Wireframes for the Wicked


Published on

Wireframes beyond the basics, not for the weak at heart. In this panel, three experienced designers will share their tried and true tips for making wireframes really work. We'll talk about how to sketch a wireframe on the fly to demonstrate an idea and how to create a standalone wireframe deliverable; when to show a concept and when to describe nitty-gritty detail; how to make a narrative wireframe and how to make a specification wireframe. And best of all, we'll show you plenty of examples.

Published in: Technology, Education, Design
  • Nice approach to the whole subject. I like it.
    Are you sure you want to  Yes  No
    Your message goes here
  • Is the backlog of Q&A that couldn't be covered posted somewhere? Thanks
    Are you sure you want to  Yes  No
    Your message goes here
  • Thanks for sharing such an amazing explanation through nicely built presentation. I have two websites: http://www.stage2pilotage.com/ and http://www.offres-internet-haut-debit.com/ that I wish to embed this slide into them. I hope you don’t mind. Thanks.
    Are you sure you want to  Yes  No
    Your message goes here
  • Nice de-mystification for users and sponsors: helps us ask good questions and avoid pitfalls!
    Are you sure you want to  Yes  No
    Your message goes here
  • Audio has now been added to the Wireframes for the Wicked. I did my best to map it to the slides. Enjoy and please share! :D
    Are you sure you want to  Yes  No
    Your message goes here
No Downloads
Total Views
On Slideshare
From Embeds
Number of Embeds
Embeds 0
No embeds

No notes for slide

Wireframes for the Wicked

  1. 1. Wireframes for the Wicked Michael Angeles, Nick Finck and Donna Spencer March 16, 2009 Use #wickedwire when commenting on twitter SXSW Interactive 2009 - Austin, TX
  2. 2. Michael Angeles Nick Finck Donna Spencer is an interaction designer is the Director of User is an information architect, living in Brooklyn, NY. He is Experience at Blue Flavor, a interaction designer, writer, Director of User Experience web design company that teacher for Maadmob (her at Traction Software and focuses creating web company) in Canberra, publishes the UX design site experiences. He lives and Australia. Konigi. plays in Seattle, WA. @maadonna @jibbajabba @nickf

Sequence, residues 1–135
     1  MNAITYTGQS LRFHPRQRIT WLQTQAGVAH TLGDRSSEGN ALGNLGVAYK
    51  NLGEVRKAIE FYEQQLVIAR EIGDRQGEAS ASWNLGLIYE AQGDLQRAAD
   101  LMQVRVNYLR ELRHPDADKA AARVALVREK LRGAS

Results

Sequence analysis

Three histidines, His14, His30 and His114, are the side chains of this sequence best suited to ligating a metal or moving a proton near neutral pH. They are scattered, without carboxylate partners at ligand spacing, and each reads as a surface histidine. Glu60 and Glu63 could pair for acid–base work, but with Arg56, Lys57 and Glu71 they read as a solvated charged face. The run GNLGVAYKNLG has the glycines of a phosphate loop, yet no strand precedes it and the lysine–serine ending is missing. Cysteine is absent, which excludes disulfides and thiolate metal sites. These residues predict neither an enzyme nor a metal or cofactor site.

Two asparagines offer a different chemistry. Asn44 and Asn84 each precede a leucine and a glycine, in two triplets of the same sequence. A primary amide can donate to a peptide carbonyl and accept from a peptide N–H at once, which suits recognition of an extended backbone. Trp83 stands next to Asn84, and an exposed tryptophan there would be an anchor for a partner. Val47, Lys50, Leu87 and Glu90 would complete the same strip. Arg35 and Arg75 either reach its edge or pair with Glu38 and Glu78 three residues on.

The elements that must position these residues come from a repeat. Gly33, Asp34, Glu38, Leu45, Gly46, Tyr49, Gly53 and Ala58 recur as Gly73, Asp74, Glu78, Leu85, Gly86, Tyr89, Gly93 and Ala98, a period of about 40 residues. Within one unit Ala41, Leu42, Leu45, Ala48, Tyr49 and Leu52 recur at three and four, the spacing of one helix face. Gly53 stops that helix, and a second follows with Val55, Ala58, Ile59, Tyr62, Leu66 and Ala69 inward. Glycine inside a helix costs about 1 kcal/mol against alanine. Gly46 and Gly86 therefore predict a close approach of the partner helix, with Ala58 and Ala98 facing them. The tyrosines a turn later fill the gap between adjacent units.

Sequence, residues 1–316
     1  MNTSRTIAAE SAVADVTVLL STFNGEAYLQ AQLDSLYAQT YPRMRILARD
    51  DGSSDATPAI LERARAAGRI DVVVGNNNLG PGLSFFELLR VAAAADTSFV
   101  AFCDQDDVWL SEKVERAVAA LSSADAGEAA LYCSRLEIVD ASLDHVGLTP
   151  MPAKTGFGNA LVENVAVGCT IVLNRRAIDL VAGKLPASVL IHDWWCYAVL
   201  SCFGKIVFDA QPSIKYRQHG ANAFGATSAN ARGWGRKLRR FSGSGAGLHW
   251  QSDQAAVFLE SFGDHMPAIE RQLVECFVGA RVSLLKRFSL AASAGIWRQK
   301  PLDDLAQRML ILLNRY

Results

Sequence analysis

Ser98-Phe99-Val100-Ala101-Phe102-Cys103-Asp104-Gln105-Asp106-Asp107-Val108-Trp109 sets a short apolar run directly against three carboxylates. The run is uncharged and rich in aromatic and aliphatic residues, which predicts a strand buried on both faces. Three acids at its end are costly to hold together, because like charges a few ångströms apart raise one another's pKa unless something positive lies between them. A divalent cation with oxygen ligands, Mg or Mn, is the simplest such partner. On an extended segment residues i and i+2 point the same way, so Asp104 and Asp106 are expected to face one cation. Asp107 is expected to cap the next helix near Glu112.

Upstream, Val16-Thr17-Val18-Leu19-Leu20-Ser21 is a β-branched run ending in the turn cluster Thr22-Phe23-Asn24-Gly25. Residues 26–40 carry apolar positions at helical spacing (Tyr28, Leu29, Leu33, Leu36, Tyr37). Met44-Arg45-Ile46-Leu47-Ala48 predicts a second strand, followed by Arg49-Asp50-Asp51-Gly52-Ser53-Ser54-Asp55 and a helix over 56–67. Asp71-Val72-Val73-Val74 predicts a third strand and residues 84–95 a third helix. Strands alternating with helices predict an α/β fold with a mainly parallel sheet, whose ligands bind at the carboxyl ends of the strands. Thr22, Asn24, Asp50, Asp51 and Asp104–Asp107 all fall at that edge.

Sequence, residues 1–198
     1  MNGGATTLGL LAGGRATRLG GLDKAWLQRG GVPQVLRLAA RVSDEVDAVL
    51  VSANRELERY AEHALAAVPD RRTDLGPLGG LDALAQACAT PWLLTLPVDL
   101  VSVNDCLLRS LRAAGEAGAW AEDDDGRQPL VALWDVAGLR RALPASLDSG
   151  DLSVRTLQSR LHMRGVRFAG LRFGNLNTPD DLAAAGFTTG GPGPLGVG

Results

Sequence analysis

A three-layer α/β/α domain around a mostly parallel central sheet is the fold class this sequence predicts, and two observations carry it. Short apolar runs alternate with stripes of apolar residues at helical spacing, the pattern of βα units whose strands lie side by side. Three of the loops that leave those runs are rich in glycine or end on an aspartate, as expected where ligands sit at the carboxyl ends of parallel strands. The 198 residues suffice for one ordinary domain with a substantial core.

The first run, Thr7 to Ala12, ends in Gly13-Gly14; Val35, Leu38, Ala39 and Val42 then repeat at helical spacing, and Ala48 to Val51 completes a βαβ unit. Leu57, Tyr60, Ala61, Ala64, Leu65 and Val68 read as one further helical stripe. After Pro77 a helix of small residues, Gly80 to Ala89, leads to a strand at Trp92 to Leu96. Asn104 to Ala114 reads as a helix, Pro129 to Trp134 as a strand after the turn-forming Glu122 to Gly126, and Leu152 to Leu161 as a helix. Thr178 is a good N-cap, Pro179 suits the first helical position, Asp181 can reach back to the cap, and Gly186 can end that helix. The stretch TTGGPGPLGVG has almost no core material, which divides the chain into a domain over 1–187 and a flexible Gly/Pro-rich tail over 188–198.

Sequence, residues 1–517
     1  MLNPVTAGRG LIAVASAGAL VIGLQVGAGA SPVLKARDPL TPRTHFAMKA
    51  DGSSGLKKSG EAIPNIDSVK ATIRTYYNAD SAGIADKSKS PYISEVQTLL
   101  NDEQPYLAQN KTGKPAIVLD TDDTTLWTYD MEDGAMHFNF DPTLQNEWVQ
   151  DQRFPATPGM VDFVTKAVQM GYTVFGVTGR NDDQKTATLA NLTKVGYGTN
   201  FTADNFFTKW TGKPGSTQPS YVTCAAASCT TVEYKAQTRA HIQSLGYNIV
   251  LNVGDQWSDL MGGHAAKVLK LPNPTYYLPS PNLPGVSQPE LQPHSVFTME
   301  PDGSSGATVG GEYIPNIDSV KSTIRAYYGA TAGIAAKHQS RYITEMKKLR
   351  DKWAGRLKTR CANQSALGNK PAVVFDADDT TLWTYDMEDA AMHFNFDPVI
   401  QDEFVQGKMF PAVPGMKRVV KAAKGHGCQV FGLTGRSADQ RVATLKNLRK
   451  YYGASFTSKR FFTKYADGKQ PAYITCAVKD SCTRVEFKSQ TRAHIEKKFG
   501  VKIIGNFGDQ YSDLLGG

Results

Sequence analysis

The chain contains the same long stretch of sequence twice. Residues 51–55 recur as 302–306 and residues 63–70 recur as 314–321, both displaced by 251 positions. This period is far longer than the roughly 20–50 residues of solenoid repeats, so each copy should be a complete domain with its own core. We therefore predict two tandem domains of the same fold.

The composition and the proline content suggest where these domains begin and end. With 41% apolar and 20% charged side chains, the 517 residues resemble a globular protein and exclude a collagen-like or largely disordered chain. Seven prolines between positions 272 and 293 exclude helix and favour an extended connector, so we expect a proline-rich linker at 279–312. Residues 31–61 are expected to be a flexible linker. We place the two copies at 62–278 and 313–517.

3. 3. What is a Wireframe?
  4. 4. Who are they for?
  5. 5. Users of documentation • Design team • Managers - Discuss ideas and approaches - Is the overall approach a good one - Critique each others work • Developers • Business people - Exactly how should this work and - How will it affect their day how will I implement it - Have you understood the business rules & context
  6. 6. What is the process?
  7. 7. Moving from Sketching to Wireframing Adaptation from Sketching the User Experience by Bill Buxton
  8. 8. Types of Wireframes
  9. 9. Types of Wireframes • Reference Zones • Low Fidelity • High Fidelity • Storyboards • Standalone • Specification
  10. 10. Reference Zones
  11. 11. Reference Zones • What it is - Shows just major positioning of content blocks • Use to - Discuss a big idea or concept early in a project - Show the overall structure of particular pages - Show how a family of pages work together • Watch out for - Some people can't think abstractly
  12. 12. Reference Zones
  13. 13. High Fidelity Wireframes
  14. 14. High Fidelity Wireframes • What it is - Shows a lot of detail, as much as in the built product • Use to - Work through the detail of how an interaction (or part of one) will work - Ensure the designer and stakeholders both have the same idea about how something works • Watch out for - Readers get bogged down in detail - Leave time to absorb the detail
  15. 15. High Fidelity Wireframes
  16. 16. High Fidelity Wireframes
  17. 17. High Fidelity Wireframes
  18. 18. Storyboards
  19. 19. Storyboards • What it is - A sequence of 'screens' that show the flow across time • Use to - Show how the wireframes fit together - Show how a user will experience a workflow - Demonstrate a task end-to-end • Watch out for - Show tasks before & after for a whole context - Demonstrate core tasks in one flow - Demonstrate exceptions in a separate flow
  20. 20. Storyboards
  21. 21. Storyboards
  22. 22. Storyboards
  23. 23. Standalone Wireframes
  24. 24. Standalone Wireframes • What it is - A wireframe that can be understood without you there • Use to - Communicate any of the wireframe types we've discussed, but in a way that means they can be understood without you - Document for future reference and use • Watch out for - Everything has to be included - Lots of annotations are needed - It can be hard to follow linkages between screens
  25. 25. Standalone Wireframes
  26. 26. Standalone Wireframes Wireframe by Tom Watson of Blue Flavor
  27. 27. Specification Wireframes
  28. 28. Specification Wireframes • What it is - A wireframe with enough detail to be built • Use to - Development • Watch out for - Everything has to be included - all states (logged in, logged out, error) - data sources and destinations - all actions - all validations - It must stand alone - Talk to your developers to make it usable for them - Never show this to business people or users
  29. 29. Specification Wireframes
  30. 30. Specification Wireframes
  31. 31. Sketch Style Wireframes
  32. 32. Sketch Style Wireframes Balsamiq.com - Balsamiq Mockups
  33. 33. Sketch Style Wireframes Konigi.com OmniGraffle Sketch Stencils
  34. 34. Thank you!
  35. 35. Thank you! Come to our party tonight, we’ll get you drunk!
  36. 36. ? Questions?
  1. A particular slide catching your eye?

    Clipping is a handy way to collect important slides you want to go back to later.